4 questions to ask if you're offered a late-career buyout
CNN is offering buyouts to older employees with several years on board.
To cut costs, Time Warner Inc. has reportedly made a buyout offer to Turner Broadcasting employees over the age of 55, who have been with the broadcaster for 10 years. Offering buyouts in advance of other cuts is a common strategy.
Here are a few things to think about if you're an older worker — but not one who's ready to retire — considering a buyout offer.
1. Do you really have a choice?
In other words... "The first thing you have to consider is: Why is the company doing this? And what is the probability of their asking me to leave, one way or another?" says Robin Pinkley, a business professor at Southern Methodist University.
In this case, Time Warner has already told employees that other cuts will follow the buyouts— maybe 15 to 20 percent reductions, according to one story. So if you’ve got any worries about getting laid off, you might want to take the buyout.
In a case like Time Warner, the buyout won't be enough to retire on, at just a bit better than the standard severance package. Though, that could help fund a job search, which is likely to be no picnic.
2. Are you ready for a tough job search?
Looking for work after a mass exodus from your workplace is especially hard, says Pinkley.
"It’s not just you who’s entering the marketplace at this time," she says. "There are a bunch of yous."
People with your same resume, who took the same buyout you did. Your company’s probably targeting well-paid older workers because they hope cheaper 28-year-olds will make good replacements.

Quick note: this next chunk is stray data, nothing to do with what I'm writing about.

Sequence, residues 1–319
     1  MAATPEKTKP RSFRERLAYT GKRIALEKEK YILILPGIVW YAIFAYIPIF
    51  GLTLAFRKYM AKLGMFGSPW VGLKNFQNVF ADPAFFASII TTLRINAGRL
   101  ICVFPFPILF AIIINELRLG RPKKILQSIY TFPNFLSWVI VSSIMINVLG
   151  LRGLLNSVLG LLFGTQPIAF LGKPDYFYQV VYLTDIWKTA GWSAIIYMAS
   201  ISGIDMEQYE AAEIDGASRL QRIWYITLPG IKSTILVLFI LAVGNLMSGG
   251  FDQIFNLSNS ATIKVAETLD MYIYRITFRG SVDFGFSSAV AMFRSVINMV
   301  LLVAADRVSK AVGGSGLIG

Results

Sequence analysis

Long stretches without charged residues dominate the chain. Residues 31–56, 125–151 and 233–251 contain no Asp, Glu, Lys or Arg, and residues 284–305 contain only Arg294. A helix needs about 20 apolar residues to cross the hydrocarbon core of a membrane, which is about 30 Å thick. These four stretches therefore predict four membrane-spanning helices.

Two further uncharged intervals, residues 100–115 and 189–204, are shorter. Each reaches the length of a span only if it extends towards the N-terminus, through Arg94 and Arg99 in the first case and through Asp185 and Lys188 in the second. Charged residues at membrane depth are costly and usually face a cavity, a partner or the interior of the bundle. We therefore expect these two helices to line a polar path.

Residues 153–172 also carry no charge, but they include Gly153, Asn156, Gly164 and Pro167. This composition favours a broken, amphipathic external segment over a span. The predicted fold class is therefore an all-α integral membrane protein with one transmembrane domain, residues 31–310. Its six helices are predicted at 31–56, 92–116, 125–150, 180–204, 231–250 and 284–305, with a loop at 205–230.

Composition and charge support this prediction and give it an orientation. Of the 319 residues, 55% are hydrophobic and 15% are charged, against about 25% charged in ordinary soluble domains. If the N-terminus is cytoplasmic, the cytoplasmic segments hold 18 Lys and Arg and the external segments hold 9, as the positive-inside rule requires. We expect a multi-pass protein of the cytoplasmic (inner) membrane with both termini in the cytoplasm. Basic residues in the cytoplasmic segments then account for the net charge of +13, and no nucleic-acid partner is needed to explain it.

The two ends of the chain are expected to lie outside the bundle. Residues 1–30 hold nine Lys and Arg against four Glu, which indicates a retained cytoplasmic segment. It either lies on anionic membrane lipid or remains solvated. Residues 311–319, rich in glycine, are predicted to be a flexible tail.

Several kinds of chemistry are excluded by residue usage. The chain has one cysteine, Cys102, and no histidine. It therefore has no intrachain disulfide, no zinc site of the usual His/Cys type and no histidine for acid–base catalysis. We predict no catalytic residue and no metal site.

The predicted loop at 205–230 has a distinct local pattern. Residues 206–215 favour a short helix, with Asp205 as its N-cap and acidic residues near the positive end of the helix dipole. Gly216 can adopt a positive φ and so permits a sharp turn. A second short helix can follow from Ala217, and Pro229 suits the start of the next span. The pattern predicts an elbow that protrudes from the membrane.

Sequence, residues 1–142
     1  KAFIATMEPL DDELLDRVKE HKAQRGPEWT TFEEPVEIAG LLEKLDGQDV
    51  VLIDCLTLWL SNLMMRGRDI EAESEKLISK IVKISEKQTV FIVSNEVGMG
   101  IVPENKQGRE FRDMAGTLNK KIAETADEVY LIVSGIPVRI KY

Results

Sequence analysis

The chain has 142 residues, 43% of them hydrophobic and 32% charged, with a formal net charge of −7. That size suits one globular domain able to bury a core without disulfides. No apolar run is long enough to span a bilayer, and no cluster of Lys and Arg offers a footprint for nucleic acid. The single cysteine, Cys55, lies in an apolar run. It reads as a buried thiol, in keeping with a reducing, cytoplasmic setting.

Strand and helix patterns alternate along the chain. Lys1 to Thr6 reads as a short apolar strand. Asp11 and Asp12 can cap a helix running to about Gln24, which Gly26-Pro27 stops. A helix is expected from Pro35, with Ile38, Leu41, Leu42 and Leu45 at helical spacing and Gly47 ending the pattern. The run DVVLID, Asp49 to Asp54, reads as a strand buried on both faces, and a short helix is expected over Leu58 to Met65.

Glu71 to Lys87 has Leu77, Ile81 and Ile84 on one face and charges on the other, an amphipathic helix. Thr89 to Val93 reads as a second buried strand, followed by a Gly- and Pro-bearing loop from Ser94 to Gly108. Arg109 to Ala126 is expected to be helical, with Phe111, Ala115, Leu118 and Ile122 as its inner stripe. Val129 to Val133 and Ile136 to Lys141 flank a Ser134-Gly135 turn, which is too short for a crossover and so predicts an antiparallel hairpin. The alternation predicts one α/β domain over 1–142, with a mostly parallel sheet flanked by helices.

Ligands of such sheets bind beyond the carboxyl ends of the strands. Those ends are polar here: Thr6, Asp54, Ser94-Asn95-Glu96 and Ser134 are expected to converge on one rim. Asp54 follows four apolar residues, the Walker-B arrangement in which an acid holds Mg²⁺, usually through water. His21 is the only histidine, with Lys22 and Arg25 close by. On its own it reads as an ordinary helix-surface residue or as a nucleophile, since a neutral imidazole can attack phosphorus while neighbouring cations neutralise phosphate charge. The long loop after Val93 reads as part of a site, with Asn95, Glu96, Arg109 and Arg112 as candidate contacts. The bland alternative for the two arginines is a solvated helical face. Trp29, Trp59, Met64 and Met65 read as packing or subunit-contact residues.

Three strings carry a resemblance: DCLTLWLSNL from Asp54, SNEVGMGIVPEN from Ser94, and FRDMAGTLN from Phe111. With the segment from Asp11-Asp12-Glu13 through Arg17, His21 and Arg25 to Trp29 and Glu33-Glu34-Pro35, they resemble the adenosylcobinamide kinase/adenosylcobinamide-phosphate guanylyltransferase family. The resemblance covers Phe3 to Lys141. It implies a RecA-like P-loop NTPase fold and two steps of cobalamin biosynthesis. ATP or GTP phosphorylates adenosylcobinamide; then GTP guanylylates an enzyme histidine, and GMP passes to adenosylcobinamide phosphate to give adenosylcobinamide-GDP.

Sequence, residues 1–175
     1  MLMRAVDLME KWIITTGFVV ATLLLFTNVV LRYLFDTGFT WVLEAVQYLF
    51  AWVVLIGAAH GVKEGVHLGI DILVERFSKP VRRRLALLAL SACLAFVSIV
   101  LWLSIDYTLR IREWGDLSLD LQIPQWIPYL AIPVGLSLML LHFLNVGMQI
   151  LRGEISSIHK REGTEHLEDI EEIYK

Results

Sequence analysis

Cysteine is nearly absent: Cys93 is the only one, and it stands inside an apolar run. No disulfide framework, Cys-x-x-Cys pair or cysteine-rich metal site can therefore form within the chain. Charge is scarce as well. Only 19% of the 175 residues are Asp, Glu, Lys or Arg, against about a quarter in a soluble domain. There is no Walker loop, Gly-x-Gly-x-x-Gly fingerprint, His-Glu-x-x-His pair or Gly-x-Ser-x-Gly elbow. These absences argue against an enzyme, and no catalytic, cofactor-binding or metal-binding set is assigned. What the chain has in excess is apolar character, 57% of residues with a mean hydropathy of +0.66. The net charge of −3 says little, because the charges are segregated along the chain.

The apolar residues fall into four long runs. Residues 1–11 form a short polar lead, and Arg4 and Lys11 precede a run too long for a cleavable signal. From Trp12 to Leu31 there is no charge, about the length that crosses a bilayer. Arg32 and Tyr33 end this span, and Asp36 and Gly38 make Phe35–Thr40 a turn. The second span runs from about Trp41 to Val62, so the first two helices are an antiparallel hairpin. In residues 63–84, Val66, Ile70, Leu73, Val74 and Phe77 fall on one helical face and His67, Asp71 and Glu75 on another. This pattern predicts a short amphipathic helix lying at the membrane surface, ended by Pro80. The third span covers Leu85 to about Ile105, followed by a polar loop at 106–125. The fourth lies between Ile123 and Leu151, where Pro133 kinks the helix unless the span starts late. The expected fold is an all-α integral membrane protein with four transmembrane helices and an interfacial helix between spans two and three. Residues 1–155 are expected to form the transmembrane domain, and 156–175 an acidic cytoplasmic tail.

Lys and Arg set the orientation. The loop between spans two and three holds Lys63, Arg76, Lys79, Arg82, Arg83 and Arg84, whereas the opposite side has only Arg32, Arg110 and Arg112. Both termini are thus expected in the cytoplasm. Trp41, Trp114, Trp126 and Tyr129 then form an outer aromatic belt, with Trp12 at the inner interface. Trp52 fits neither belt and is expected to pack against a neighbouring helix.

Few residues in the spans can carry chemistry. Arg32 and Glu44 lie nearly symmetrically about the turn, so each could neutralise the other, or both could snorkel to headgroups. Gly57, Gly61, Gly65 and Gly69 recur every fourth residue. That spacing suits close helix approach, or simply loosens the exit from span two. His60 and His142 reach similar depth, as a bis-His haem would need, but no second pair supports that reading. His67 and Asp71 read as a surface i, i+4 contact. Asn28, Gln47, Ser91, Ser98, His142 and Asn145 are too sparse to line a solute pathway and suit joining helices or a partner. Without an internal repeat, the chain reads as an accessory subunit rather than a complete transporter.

3. Are you ready to deal with age discrimination?
"It’s a fact that age discrimination exists," says John Challenger, CEO of the outplacement firm Challenger Gray and Christmas. "I don’t think it’s as virulent as it was, say, a decade or more ago, but it’s still there."
4. How do you feel about temp work?
Greg Simpson, who leads the career transition practice at Lee Hecht Harrison, offers a glass-half-full perspective. He acknowledges the chance of walking into a similar job, with comparable pay, without having to move, is low.
However, he says, companies do need people. Just not full-timers.
"They’re looking for alternatives to hiring on full-time labor," he says. "If you’re open to making alternative arrangements with an employer, there’s an enormous talent shortage."
So, if hustling for short-term contracts sounds like a fun way to spend the next few years, that could be an option.
If that sounds grim, just be thankful it’s not 2009. "People are coming into a much better job market than it's been for some time," says Challenger. "It's been getting better, consistently, slowly, over the last few years."